After I hung up, still seething with blame (both towards myself and him), I went over things in my head, as
women we tend to do when things go awry.
Being forty, and fairly clear-headed (I think) when it comes to my shortcomings, I could go back over the conversation and how it had played out, and see where I had said things that were inflammatory. I could also see a pattern in my dealings with other partners which had led to conversations that were all depressingly similar in their outcome: painful discussions with no resolution. What I couldn't see was this: How on earth do you re-wire your brain so that you don't fall into old, bad patterns during important discussions/negotiations?
A friend of mine recently founded a company based on this very question. His website says:
"Professionals are using live simulations as a regular part of their training programs, as often the most unpredictable element is the human one. How these professionals assess the situation and react can mean the difference between life and death. What is at stake in your business?"
Good point. and what's at stake in our personal relationships if we can't get beyond the traps that lurk when we try to have emotional conversations? Think about all the things we find it so hard not to say (and by 'we' I mean me) when we're upset:
I hate it when...
I'm sorry that I...
(a really passive-aggressive one that, and one I'm guilty of using: apologizing for a shortcoming instead of getting to the point, which is that I'm angry/I need something.)
The more we use certain phrases, the more we trigger an antagonistic response in the other person; the more defensive/angry/upset they get, the more defensive/angry/upset WE get, and on and on until it's impossible to say anything sensible.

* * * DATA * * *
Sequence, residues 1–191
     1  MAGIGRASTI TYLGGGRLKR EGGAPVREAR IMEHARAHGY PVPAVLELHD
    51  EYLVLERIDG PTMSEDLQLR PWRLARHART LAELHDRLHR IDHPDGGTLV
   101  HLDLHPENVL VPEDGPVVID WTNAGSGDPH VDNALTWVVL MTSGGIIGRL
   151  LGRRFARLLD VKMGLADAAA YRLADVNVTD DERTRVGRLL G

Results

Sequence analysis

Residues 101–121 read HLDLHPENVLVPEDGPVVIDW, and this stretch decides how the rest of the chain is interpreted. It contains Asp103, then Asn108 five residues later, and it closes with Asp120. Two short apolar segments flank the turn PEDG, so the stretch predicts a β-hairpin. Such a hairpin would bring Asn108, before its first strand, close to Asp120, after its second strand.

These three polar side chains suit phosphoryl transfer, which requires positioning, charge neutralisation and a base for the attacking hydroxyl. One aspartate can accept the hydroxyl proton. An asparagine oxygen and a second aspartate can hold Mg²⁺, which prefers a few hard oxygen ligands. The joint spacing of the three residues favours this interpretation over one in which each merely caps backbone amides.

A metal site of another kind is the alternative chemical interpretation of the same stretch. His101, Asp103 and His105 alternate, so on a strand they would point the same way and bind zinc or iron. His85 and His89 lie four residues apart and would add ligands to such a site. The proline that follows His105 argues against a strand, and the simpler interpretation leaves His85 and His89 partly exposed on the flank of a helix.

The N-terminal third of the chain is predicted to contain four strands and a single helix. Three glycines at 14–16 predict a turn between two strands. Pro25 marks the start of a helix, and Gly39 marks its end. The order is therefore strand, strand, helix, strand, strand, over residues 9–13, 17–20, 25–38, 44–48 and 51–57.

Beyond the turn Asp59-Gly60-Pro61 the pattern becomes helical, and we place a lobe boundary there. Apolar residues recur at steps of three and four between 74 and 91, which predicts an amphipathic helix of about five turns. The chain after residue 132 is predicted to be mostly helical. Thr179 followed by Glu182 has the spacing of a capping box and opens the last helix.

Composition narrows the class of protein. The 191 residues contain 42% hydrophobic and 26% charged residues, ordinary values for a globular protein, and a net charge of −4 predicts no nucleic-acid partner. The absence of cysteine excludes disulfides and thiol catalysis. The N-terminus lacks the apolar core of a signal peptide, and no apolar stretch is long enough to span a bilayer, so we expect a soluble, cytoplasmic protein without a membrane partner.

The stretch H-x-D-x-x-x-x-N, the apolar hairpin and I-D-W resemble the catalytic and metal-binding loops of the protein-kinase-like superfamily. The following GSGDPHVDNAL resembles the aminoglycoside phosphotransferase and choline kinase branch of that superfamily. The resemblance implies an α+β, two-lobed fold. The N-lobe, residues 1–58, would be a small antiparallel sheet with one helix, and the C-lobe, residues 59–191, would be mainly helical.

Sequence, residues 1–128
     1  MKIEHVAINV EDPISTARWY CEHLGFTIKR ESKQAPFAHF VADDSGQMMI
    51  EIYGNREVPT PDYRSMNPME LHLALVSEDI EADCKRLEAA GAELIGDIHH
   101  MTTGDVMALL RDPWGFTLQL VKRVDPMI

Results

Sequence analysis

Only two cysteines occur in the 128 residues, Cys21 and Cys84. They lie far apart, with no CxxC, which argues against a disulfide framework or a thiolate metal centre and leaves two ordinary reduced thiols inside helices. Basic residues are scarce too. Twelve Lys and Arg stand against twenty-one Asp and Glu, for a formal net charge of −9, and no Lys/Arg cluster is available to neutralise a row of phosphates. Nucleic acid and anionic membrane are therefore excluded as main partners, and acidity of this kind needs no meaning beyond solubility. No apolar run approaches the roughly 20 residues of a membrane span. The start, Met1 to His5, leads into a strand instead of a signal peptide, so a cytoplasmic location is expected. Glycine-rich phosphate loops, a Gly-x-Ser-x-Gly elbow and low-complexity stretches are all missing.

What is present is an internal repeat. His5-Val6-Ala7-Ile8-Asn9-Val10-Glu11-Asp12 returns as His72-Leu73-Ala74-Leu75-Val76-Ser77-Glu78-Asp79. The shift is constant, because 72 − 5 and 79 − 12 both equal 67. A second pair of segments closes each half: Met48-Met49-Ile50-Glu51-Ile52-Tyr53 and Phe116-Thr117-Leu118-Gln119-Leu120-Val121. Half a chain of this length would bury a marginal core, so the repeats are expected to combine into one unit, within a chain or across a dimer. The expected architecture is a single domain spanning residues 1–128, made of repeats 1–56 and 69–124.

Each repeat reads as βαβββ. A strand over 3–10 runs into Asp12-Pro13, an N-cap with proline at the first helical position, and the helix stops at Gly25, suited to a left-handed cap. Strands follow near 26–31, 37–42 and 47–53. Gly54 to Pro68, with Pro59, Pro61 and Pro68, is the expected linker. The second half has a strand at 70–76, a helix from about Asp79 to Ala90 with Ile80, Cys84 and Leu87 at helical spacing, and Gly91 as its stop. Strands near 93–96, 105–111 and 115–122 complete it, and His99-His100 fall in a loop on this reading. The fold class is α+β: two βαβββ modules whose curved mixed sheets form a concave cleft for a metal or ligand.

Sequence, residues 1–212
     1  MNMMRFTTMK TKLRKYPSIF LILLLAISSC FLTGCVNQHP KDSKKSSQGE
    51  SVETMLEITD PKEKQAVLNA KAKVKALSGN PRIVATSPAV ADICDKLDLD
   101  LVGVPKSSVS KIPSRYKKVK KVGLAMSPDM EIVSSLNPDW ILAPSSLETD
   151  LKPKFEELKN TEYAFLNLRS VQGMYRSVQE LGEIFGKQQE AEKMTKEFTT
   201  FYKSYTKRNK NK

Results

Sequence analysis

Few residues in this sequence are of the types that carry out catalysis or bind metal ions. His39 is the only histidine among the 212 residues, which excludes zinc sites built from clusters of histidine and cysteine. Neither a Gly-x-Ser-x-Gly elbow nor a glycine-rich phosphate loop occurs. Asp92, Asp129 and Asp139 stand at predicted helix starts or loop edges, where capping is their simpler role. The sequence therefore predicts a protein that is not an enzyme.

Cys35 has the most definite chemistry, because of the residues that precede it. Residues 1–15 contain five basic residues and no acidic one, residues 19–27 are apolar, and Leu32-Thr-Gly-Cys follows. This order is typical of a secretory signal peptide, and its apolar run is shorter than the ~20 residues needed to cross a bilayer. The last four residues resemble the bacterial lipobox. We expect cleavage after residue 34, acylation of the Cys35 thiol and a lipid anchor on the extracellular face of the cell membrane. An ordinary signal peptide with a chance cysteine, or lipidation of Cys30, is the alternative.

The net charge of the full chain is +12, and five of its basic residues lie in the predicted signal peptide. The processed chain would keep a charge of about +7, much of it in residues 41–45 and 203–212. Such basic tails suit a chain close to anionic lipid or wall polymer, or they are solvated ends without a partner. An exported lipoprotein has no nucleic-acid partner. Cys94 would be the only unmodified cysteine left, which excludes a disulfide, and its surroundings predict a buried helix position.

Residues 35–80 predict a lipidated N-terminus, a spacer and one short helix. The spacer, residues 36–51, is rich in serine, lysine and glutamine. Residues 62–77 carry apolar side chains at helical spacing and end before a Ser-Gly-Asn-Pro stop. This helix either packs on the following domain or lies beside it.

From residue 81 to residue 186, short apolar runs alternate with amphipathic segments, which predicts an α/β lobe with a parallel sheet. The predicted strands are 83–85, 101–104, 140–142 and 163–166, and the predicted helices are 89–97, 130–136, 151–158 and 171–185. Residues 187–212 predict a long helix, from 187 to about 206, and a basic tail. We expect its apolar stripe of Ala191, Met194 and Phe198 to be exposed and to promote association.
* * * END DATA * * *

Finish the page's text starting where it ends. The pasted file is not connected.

I've decided that it's time to learn how to defuse my irritation and anger, but how? Simulations, like the ones my friend offers, are a great idea, but I find that the one-person version of this (having imaginary conversations in your head with the other party) are frustrating, and have the effect of making my tension level rise significantly since there's no one else to mediate or offer an outside opinion. One good solution, offered here, is to
"...defuse the energy of anger.”
Go for a run, focus on your artwork or finish a DIY project, he said. “Break something that needs to be broken.” As he said, the most amazing works, including music, poetry and art, have been created from anger.
It's true. Yesterday (the day after the unsatisfactory conversation) I could have moped around all day feeling frustrated and upset. Instead I tried to do something productive. I ended up writing two songs: one which focused on the darker side of love (thanks to Noel Coward, who wrote an amazing poem on the subject, which I've quoted from before) and a romantic song for my guy. I exorcized some demons in a creative way and had some tangible results to show for it.
So what will I do the next time an issue comes up and I need to have "the talk" with someone I'm close to? I don't have all the answers- hell, I don't have many of them. Things I will try:
- deep breathing
- articulating EXACTLY what it is I need to myself, before I even think about talking to the other person
- finding the balance between blurting things out when I'm overwrought and "sleeping on it" (where the danger can be that I end up stewing over things and making mountains out of molehills)
- defusing my frustrations by reprogramming my brain: exercising, writing, music...whatever it takes.
So what happened next, after the phone conversation? Well, while I was still fretting, I heard my phone buzzing. Looking down I realized that I had mail from my guy, who sent me a sweet and sexy message which soothed me into sleep. True to our genders, he moves on while I fret and over-analyze. We've chosen to leave that conversation in the past... for now. And at least I have the perfect original romantic song to send him tomorrow- just in time for Valentine's Day.